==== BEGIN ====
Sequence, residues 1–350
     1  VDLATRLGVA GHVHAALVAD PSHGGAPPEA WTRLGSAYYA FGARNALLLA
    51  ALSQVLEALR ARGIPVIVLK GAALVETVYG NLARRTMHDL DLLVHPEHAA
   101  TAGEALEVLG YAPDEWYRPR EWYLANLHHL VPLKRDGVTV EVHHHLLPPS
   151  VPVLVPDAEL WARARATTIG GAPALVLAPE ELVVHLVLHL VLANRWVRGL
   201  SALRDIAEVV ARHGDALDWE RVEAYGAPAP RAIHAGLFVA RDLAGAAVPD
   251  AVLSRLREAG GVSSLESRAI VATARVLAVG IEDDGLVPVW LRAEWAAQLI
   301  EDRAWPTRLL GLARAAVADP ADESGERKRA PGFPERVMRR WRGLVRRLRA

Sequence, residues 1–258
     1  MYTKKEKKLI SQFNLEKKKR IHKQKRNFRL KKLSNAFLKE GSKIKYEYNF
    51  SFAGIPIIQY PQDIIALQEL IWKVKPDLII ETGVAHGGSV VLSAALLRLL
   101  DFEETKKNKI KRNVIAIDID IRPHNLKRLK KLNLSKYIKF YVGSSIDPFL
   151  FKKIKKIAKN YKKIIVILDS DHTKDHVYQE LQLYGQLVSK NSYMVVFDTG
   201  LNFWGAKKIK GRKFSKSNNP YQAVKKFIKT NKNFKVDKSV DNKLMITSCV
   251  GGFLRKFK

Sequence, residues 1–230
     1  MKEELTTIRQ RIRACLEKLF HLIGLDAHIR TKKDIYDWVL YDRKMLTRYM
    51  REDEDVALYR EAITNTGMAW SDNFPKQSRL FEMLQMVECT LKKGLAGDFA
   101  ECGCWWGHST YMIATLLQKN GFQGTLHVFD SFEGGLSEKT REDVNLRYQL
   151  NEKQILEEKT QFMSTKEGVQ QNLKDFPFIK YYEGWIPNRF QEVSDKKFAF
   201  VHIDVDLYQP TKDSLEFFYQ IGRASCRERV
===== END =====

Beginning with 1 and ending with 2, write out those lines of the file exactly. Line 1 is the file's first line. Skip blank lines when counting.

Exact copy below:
Sequence, residues 1–350
     1  VDLATRLGVA GHVHAALVAD PSHGGAPPEA WTRLGSAYYA FGARNALLLA